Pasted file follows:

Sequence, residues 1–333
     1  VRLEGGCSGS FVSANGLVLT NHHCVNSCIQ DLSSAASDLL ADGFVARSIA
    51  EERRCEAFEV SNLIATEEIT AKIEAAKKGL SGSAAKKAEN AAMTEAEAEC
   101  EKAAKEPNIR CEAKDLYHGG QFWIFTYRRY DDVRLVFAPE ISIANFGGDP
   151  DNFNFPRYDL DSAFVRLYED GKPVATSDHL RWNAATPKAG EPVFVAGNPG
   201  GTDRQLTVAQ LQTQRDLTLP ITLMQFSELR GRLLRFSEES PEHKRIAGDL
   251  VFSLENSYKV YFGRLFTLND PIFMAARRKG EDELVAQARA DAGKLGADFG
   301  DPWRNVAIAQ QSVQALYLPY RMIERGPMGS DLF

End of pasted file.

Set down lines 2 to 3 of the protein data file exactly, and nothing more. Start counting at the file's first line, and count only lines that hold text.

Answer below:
     1  VRLEGGCSGS FVSANGLVLT NHHCVNSCIQ DLSSAASDLL ADGFVARSIA
    51  EERRCEAFEV SNLIATEEIT AKIEAAKKGL SGSAAKKAEN AAMTEAEAEC